Wednesday, May 24, 2017

Colorado Deer with CWD Chronic Wasting Disease TSE Prion found near Nucla

Subject: Colorado Deer with CWD chronic wasting disease found near Nucla

CPW News Release


Deer with wasting disease found near Nucla 


Joe Lewandowski CPW SW Region PIO 970-375-6708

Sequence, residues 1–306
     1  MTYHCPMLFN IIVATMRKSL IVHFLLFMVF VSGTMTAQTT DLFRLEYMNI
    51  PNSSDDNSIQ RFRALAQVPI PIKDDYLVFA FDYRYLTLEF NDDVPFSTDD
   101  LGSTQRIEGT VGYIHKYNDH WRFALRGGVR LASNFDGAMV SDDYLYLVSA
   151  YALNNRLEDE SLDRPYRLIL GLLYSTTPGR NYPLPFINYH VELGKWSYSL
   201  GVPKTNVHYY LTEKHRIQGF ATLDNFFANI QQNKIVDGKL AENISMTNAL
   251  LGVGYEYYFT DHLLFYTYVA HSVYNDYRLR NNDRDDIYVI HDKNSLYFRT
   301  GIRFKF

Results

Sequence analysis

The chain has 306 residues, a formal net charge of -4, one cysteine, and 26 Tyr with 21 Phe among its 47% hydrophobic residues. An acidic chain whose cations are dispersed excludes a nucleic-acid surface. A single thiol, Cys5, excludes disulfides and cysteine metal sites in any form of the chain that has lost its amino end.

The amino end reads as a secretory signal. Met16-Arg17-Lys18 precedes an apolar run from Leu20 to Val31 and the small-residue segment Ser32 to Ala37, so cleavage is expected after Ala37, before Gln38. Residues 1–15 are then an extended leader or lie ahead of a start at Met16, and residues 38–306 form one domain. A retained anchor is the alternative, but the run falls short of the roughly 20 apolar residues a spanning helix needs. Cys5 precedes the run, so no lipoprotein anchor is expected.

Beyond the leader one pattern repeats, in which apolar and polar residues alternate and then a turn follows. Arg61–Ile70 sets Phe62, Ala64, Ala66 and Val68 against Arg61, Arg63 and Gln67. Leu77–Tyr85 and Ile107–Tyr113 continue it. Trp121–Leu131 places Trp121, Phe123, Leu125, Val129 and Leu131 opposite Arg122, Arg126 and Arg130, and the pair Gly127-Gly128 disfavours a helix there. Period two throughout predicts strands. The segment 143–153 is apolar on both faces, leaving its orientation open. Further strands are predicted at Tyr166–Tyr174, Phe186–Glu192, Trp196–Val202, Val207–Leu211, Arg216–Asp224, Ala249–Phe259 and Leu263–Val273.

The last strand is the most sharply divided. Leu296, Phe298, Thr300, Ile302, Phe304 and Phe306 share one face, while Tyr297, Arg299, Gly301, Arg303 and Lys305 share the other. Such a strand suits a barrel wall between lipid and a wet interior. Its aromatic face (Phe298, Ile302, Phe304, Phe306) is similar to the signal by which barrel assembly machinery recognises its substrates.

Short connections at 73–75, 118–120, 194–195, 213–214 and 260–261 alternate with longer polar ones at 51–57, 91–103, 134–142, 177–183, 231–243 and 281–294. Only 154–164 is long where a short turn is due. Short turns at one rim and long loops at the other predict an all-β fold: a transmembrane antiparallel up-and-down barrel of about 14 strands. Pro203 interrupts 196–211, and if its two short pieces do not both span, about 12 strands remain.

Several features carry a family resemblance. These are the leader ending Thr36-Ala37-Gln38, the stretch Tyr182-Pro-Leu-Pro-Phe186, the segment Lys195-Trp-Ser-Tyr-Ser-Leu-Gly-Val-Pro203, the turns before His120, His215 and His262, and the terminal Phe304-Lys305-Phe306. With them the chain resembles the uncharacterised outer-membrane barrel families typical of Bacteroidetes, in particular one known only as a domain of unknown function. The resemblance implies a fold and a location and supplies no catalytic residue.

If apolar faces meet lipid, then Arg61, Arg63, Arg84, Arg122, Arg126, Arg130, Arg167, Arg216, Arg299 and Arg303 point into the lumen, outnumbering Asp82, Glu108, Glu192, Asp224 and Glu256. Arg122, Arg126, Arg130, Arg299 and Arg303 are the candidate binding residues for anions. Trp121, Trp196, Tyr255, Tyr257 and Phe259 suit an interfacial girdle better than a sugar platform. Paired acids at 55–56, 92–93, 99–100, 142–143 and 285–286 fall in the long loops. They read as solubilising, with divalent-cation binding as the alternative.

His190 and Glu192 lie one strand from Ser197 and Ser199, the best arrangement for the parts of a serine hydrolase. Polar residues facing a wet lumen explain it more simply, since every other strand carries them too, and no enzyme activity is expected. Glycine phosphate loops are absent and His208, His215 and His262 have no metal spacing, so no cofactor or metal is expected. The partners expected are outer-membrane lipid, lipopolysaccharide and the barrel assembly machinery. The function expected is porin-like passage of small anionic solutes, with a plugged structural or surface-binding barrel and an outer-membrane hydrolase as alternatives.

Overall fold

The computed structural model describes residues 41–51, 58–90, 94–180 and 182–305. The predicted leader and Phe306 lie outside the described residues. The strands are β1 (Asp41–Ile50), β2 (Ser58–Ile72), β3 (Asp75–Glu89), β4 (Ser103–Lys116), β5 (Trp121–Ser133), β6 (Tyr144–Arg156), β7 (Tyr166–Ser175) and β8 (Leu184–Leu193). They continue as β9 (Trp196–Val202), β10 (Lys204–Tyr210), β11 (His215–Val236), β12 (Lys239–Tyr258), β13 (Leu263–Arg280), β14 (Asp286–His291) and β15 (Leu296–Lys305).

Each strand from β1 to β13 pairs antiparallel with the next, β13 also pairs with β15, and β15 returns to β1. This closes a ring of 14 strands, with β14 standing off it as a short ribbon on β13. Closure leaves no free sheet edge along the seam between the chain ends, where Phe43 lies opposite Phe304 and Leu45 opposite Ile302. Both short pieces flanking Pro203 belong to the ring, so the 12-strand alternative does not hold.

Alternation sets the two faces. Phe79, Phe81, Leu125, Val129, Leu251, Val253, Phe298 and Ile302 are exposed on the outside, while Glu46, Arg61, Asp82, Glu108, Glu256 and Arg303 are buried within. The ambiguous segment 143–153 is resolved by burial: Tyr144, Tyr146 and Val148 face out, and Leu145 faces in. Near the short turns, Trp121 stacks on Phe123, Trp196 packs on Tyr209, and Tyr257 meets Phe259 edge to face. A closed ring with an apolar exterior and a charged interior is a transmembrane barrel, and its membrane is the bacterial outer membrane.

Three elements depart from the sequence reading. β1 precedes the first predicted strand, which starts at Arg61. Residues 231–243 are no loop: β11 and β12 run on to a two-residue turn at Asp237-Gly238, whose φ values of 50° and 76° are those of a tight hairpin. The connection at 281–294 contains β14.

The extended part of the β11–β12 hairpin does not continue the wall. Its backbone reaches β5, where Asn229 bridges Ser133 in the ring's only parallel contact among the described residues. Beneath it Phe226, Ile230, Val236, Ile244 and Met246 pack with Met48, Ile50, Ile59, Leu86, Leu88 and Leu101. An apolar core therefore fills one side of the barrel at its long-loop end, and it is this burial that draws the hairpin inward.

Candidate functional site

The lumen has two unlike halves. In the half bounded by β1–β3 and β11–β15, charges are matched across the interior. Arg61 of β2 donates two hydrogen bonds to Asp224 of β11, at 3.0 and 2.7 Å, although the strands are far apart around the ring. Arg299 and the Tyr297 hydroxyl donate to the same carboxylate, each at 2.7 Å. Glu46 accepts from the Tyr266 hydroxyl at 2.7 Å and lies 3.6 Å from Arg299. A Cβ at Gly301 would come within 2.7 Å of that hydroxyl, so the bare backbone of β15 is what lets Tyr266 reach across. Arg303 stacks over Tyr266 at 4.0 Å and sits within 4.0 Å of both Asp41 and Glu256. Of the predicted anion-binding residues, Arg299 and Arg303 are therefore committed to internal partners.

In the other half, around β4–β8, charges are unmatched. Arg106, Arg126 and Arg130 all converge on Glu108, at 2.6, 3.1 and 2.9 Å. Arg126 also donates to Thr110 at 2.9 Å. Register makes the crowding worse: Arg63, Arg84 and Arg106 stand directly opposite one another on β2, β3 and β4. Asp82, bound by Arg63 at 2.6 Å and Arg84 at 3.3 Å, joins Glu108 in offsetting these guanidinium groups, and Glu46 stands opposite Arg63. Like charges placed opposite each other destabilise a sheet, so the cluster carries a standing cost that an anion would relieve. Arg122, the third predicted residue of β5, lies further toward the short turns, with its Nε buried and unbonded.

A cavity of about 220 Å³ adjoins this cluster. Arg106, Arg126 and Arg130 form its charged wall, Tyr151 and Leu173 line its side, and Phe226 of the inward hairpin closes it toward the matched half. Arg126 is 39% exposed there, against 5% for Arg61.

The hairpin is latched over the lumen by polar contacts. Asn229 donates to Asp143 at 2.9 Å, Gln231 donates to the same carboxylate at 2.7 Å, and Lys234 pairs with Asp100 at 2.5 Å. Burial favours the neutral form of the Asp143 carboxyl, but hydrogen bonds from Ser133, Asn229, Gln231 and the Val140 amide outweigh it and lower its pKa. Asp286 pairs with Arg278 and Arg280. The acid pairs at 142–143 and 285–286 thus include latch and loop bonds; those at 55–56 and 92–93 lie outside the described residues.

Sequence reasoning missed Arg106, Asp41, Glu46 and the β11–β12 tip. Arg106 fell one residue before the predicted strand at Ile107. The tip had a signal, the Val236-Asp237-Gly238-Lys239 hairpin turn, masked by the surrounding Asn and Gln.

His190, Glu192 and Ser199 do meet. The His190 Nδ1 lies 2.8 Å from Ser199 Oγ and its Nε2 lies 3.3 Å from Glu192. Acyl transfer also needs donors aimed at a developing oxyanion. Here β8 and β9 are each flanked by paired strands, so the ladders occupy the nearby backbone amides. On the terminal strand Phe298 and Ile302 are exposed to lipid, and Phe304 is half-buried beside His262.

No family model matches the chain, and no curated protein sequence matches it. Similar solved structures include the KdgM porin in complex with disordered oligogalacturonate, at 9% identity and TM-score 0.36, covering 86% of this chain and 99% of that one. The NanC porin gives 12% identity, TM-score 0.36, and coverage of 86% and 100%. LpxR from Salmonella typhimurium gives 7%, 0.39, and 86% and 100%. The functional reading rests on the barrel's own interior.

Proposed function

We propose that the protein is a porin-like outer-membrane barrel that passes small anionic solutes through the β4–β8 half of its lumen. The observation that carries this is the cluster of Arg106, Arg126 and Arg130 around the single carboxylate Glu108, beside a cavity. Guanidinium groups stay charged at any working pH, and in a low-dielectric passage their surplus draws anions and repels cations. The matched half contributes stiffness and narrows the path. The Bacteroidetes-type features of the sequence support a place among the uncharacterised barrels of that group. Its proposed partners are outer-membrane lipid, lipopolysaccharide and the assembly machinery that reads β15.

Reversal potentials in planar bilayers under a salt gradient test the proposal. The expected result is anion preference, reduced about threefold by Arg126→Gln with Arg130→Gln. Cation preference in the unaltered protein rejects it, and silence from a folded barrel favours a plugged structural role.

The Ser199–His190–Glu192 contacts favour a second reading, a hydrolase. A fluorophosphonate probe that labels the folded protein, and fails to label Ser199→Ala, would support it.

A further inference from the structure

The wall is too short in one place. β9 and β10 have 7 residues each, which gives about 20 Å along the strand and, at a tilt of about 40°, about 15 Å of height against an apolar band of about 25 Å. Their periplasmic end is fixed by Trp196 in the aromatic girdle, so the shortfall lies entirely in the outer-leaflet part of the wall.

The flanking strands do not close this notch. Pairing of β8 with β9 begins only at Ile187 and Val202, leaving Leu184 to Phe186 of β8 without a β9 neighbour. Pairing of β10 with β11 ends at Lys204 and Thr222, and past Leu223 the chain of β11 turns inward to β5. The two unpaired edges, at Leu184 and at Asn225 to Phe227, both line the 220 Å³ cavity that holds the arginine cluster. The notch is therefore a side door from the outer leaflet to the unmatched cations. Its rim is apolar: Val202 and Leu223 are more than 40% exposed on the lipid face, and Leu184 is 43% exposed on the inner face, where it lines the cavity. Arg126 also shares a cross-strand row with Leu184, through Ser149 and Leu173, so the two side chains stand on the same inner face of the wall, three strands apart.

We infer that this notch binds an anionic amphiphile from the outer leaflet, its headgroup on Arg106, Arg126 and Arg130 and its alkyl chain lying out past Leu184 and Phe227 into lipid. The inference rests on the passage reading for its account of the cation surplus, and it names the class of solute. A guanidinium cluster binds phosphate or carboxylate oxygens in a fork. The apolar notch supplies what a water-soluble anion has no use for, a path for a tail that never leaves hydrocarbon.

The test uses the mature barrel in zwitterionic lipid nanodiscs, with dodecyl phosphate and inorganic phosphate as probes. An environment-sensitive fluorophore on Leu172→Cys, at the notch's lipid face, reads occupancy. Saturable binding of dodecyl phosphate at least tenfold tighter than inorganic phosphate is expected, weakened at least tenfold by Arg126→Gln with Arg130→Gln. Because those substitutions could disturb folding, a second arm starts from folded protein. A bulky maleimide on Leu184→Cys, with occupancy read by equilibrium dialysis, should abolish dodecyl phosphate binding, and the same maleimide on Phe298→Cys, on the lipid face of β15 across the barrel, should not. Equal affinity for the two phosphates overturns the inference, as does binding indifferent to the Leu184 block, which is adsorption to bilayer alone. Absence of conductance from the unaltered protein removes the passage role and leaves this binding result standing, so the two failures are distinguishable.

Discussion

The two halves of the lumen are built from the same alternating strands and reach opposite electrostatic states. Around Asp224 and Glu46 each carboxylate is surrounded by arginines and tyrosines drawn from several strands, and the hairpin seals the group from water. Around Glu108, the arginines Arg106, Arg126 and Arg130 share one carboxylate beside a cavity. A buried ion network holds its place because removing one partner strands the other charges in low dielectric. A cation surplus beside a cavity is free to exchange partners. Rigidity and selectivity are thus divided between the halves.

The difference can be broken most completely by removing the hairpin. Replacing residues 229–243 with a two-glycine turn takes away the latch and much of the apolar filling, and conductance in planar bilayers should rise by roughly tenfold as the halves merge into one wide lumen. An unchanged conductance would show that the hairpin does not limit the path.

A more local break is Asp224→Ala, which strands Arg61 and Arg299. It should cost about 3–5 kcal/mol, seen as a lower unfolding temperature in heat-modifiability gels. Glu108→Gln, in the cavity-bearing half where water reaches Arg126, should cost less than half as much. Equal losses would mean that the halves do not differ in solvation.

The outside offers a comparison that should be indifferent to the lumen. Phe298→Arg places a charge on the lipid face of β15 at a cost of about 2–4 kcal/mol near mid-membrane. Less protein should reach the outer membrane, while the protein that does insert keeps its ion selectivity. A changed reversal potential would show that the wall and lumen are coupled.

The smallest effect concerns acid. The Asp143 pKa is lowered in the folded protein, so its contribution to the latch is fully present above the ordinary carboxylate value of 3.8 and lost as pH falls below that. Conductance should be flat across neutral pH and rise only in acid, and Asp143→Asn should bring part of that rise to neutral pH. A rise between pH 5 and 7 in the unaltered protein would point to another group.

Deer with wasting disease found near Nucla in western Colorado MONTROSE, Colo. – A mature buck deer that was found dead near Nucla in March has tested positive for chronic wasting disease, Colorado Parks and Wildlife has reported. The deer was found on private property near town. This is the first CWD-positive deer found by Colorado Parks and Wildlife in the west end of Montrose County in Game Management Unit 61. In the last year, seven deer between Montrose and Delta tested positive for the disease. Deer that tested positive for the disease included three that were suspect and were euthanized, three deer taken on game-damage permits and one buck harvested during the regular hunting season. CWD is a neurological disease that afflicts some deer, elk and moose. In order to determine how widespread the disease is in this part of the state, Colorado Parks and Wildlife will require mandatory testing of deer harvested by hunters this year in Game Management Units 61, 62, 64 and 65. A random sample of hunters who draw licenses in these units will receive a letter this summer explaining they must submit harvested deer for mandatory testing. There will be no charge for the test. Hunters in these units and any other GMU in Colorado who are not selected for mandatory testing may voluntarily submit deer, elk and moose for a CWD test. The fee for voluntary submissions is $25 Elsewhere in Colorado, CPW will require mandatory testing for deer harvested in Game Management Units 7, 8, 9, 11, 12, 13, 19, 20, 22, 23, 24, 33, 131, 191, 211 and 231. As in the Montrose area, a random sample of hunters in these units will be notified that they must submit harvested deer for testing. For more information about CWD, go to this section of the CPW website: ###